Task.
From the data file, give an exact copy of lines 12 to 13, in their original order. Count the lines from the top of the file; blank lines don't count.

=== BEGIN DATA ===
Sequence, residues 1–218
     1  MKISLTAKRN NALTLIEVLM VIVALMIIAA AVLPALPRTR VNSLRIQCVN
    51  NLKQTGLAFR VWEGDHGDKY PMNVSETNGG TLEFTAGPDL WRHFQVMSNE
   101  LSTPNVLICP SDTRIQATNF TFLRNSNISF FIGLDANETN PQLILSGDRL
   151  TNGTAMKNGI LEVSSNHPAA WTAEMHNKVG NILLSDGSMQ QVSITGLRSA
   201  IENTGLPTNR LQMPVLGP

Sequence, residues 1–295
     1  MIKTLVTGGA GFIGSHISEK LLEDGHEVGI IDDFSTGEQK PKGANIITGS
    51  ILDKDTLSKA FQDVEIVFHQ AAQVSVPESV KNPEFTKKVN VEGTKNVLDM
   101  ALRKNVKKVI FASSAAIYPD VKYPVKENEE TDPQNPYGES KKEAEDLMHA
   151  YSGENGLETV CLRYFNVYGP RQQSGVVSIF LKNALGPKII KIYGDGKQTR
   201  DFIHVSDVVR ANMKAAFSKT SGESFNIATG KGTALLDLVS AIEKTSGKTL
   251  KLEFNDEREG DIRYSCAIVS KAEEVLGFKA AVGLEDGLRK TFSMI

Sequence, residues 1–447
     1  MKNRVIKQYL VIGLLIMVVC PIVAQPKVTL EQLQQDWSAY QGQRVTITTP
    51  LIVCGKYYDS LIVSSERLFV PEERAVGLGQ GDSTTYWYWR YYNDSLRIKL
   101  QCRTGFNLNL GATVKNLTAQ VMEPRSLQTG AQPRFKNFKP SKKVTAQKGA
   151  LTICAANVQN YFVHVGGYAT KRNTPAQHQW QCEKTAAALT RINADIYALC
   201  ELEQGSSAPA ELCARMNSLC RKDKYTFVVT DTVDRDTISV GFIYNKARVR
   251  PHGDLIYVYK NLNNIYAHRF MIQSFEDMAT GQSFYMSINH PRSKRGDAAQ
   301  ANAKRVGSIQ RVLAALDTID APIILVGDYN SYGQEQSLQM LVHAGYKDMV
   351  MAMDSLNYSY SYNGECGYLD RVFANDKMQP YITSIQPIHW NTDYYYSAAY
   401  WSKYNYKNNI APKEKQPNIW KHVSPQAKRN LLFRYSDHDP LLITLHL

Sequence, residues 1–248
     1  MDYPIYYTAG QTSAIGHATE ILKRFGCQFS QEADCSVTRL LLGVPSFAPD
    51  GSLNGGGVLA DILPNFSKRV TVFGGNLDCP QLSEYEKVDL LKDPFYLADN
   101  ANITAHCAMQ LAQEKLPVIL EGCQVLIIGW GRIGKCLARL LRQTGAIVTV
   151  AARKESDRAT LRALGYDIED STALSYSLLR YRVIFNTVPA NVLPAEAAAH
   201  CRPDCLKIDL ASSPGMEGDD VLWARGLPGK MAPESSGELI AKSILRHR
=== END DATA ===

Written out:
   201  DFIHVSDVVR ANMKAAFSKT SGESFNIATG KGTALLDLVS AIEKTSGKTL
   251  KLEFNDEREG DIRYSCAIVS KAEEVLGFKA AVGLEDGLRK TFSMI